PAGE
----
Discourses about Islam and its relationship to the Ideology of Pakistan make up the majority of Pakistan Studies textbooks, which dwell at length on how Islam will create a fair and just nation,"In the eyes of a Muslim all human beings are equal and there is no distinction based on race or colour. . . The rich or poor [are] all equal before law. A virtuous and pious man has precedence over others before Allah."

The Pakistan Studies textbook goes on to say, "Namaz prevents a Muslim from indulging in immoral and indecent acts." And regarding issues of justice, the 1999 edition of this Pakistan Studies textbook written by Rabbani and Sayyid which is in wide usage in Pakistan writes,

"On official level (sic) all the officers and officials must perform their duties justly, i.e., they should be honest, impartial and devoted. They should keep in view betterment of common people and should not act in a manner which may infringe the rights of others or may cause inconvenience to others." How does this discourse tally with the tales that the students have heard about corruption and the hassles their parents have endured simply to pay a bill or collect a refund? How do they rectify their cognitive dissonance when they hear about elected officials and wealthy landholders and industrialists buying off a court case lodged against them, or simply not charged for known crimes, with statements from their textbooks such as, "Every one should be equal before law and the law should be applied without any distinction or discrimination. [. . . ] Islam does not approve that certain individuals may be considered above law. The textbook goes on to state that "The Holy Prophet (PBUH) says that a nation which deviates from justice invites its doom and destruction" (emphasis mine).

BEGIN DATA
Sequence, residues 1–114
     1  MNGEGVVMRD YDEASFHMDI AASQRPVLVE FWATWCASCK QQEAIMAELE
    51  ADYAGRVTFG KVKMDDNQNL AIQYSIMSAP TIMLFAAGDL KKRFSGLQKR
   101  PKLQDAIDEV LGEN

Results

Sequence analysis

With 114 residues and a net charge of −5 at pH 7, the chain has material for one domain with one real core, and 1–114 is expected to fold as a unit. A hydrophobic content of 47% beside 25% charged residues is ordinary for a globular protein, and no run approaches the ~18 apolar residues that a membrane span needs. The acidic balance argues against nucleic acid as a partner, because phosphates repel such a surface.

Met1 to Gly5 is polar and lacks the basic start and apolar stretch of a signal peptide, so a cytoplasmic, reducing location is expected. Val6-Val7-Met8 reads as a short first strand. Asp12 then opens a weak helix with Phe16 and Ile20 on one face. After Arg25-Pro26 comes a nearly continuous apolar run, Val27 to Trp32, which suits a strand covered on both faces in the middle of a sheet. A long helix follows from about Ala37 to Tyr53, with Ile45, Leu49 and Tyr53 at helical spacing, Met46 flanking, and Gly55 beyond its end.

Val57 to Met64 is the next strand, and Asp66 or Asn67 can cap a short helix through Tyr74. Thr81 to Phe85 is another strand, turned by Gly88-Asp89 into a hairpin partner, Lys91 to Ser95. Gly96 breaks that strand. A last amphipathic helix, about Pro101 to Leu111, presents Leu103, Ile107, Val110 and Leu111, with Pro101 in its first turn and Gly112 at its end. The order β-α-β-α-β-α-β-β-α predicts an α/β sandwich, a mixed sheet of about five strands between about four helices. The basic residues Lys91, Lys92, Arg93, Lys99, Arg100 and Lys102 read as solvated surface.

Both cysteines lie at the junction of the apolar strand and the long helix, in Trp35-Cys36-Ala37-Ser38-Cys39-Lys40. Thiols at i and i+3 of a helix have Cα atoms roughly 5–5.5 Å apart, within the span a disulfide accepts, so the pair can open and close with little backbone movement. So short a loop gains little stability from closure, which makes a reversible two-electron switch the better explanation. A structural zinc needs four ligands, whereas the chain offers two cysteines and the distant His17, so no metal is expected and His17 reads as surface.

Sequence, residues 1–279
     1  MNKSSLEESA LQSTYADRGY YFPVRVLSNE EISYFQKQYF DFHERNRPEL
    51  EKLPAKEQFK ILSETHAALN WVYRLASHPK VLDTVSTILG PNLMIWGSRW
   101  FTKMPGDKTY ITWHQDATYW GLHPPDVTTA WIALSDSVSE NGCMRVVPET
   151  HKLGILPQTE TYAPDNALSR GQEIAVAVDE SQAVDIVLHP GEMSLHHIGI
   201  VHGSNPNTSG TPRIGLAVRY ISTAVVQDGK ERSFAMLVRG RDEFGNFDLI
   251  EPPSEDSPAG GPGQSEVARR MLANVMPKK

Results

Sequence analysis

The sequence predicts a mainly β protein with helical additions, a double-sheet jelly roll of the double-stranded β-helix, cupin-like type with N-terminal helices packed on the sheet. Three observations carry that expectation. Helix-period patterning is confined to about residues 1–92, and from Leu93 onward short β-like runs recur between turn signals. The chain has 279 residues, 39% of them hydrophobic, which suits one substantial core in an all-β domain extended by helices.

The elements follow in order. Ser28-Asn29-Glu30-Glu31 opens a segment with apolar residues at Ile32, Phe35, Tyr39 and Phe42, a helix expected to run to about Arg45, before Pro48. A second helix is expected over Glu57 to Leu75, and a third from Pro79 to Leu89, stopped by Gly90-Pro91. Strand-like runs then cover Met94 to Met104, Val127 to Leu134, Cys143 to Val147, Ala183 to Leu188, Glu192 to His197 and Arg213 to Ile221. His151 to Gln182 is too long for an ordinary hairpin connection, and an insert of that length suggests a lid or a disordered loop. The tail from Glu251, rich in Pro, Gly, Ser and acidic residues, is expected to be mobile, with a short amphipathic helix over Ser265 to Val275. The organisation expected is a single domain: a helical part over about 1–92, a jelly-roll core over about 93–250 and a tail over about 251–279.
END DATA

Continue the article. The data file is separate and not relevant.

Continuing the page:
With such a huge disparity between the ideal and the real, no wonder there is a great deal of fatalism and depression among the educated citizens and the school going youths concerning the state of the nation in Pakistan. Further compounding the students? distress and distancing them from either their religion or their nation-state, or both, are the contradictions found in this same Pakistani Studies book. On page 63 is the statement that "the enforcement of Islamic principles . . . does not approve dictatorship or the rule of man over man." Compared with the reality unfolding a few paragraphs later when the student is told that,